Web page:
Conclusion: Imagine an Envy x2 at half the price running Android instead of Windows and that is essentially the SlateBook x2 in a nutshell. This 10.1-inch detachable has more in common with the Envy x2 than the Split x2 - and that should be taken as a compliment. These HP models may not look as sleek as the Asus Infinity models, but the FHD IPS display, solid workmanship , versatility and outdoor usability are all indubitably better than the larger and more expensive Split x2.
Pros: Powerful hardware and responsive software, Bright IPS glass display, Dense 1920 x 1200 resolution, Good build quality, HDMI 1.4, SD and microSD, Extra-wide touchpad, Dual batteries, Lightweight, Low starting price, The SlateBook x2 is a solid Android convertible. Its hardware bests most Android tablets currently available and its 1920 x 1200 IPS screen and light weight make it the 10.1-inch Android tablet of choice in this price range.
Cons: No local USB port on tablet, Only one USB port available, Locking mechanism could have been more firm, MicroSD slot is hidden when attached to keyboard dock, All-around plastic, Poor keyboard travel and feedback, No keyboard backlight and small arrow keys, Non-removable batteries, Tablet back is a fingerprint magnet
Summary: The HP SlateBook x2 is a fast hybrid device and performed quite well in most of the benchmark tests. Barring the cramped keyboard, reflective screen and the below average audio experience we did not find anything missing in the device. Lack of 3G may be an issue for some. Sure the rear camera is a disappointment, but that should never be a consideration while buying a hybrid device.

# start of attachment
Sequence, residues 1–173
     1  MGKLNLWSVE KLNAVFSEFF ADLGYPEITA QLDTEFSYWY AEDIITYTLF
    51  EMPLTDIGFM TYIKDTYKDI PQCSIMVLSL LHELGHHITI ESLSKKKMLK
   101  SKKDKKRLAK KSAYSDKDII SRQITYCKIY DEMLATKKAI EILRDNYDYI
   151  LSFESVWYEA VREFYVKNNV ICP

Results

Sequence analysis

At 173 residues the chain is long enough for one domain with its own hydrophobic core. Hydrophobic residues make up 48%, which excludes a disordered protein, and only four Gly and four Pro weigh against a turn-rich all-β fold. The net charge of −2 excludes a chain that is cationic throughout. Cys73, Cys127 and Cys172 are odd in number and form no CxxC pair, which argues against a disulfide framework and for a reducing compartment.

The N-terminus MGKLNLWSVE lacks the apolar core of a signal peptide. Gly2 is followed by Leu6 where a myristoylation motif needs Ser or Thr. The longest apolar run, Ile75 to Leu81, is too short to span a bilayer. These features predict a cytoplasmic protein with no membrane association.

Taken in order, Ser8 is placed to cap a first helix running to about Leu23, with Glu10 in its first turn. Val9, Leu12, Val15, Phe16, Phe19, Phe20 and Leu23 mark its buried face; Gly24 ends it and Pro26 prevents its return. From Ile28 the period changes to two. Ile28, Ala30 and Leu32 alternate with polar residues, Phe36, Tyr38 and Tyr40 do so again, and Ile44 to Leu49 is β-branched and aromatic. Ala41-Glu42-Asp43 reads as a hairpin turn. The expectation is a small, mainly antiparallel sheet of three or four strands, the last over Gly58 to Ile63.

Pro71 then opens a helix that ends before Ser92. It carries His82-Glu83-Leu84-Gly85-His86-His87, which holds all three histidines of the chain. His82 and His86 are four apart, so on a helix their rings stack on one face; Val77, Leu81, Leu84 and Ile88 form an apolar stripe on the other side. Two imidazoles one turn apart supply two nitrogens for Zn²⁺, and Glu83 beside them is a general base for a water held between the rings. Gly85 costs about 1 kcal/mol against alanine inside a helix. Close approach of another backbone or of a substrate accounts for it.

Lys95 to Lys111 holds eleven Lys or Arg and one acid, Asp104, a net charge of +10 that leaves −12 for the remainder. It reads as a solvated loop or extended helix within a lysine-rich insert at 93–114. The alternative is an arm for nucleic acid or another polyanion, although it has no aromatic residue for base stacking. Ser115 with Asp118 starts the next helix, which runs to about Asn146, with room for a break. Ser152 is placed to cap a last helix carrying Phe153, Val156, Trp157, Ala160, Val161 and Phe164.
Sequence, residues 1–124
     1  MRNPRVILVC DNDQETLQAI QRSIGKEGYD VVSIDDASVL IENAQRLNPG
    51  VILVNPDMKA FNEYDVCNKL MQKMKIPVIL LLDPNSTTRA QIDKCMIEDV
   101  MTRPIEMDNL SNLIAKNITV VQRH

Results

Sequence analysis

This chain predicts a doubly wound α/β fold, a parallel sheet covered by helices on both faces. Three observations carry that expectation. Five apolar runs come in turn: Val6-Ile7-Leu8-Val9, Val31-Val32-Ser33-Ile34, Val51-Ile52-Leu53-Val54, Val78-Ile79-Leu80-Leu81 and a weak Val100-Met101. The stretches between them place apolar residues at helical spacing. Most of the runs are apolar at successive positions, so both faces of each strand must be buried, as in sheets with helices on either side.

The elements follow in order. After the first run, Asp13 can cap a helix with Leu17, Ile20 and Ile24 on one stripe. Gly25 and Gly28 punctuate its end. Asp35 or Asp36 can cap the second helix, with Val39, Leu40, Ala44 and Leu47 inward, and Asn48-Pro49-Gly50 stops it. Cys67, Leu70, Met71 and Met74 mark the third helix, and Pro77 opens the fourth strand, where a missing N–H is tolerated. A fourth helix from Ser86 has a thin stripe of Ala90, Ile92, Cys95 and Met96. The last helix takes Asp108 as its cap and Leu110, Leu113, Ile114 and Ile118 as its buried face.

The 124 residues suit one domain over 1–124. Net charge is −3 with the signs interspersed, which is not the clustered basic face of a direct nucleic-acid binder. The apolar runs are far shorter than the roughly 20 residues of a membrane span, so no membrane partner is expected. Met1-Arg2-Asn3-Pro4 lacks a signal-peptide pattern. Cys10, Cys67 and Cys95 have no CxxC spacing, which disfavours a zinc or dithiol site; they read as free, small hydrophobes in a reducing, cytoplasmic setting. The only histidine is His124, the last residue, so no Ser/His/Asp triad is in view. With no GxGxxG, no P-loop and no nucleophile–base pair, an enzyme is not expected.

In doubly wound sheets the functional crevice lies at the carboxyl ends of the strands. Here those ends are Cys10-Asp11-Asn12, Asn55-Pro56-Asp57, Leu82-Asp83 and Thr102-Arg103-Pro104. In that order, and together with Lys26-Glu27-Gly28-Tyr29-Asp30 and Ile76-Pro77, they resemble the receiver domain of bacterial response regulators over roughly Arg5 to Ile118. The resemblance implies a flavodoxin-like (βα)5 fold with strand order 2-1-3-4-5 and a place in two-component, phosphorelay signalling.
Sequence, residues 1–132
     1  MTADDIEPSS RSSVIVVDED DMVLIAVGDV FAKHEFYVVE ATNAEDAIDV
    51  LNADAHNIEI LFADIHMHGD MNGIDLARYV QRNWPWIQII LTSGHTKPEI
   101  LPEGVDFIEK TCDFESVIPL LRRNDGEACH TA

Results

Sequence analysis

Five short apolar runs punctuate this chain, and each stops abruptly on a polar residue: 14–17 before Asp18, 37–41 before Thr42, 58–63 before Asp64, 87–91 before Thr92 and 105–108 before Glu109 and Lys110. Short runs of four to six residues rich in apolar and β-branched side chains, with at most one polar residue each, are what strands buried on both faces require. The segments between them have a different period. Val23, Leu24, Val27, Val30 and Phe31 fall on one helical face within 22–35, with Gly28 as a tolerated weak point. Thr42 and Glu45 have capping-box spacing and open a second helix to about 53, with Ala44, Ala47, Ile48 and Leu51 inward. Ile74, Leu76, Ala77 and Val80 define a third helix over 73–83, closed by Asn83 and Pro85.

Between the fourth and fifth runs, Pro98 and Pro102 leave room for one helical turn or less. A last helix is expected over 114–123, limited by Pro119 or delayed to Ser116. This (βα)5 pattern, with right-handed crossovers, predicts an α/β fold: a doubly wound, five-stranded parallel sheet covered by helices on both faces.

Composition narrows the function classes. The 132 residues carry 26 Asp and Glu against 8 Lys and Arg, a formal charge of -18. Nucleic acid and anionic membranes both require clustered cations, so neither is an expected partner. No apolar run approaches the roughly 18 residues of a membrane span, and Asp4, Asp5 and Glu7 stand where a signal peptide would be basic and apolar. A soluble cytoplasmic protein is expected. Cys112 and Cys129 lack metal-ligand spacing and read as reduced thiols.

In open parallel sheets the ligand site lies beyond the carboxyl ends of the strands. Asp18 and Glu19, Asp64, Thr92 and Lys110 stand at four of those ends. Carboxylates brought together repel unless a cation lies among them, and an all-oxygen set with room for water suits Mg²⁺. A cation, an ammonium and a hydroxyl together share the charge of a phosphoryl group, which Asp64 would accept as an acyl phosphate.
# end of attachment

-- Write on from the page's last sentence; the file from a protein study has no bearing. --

HP SlateBook x2 Review: A Potentially Good Device With One Unfixable Flaw
11 September 2013
Summary: Conclusions are always the most difficult part of a review, because oftentimes people jump straight to the bottom to form an opinion of the device (perhaps stopping to look at the benchmarks along the way). As a result, it's incredibly important to form a conclusion that's not only fair and just to the device itself, but also provides all the important details that were just discussed throughout the review.
Excerpt: Until about a year ago, most Android devices were equipped with Nvidia's Tegra SoC. Then Qualcomm appeared to take over with various versions of its Snapdragon chips. Today we're taking a closer look at the 10-inch HP SlateBook x2, which carries the latest chip from Nvidia, the Tegra 4. We already analyzed the performance of this very powerful chip in an earlier article, and today we'll take a closer look at a complete product using the new SoC.
Excerpt: We are currently testing the HP SlateBook x2, the first device with the Nvidia Tegra 4 chip we've been able to lay our hands on. The full review will follow shortly, but we wanted to share the benchmark results already. Let's see how the Tegra 4 SoC holds up in practice.
Excerpt: HP makes a strong attempt at a proper convertible with the SlateBook x2, a screaming-fast, Tegra 4-powered Android tablet, but it’s not without flaws. (3.5 out of 5) Pros Very fast quad-core processor Sharp screen resolution Comfy keyboard Useful convertible design Two memory card slots Cons Dim display Short battery life Not exceptionally lightweight Buggy
Pros: Very fast quad-core processor, Sharp screen resolution, Comfy keyboard, Useful convertible design, Two memory card slots
Cons: Dim display, Short battery life, Not exceptionally lightweight, Buggy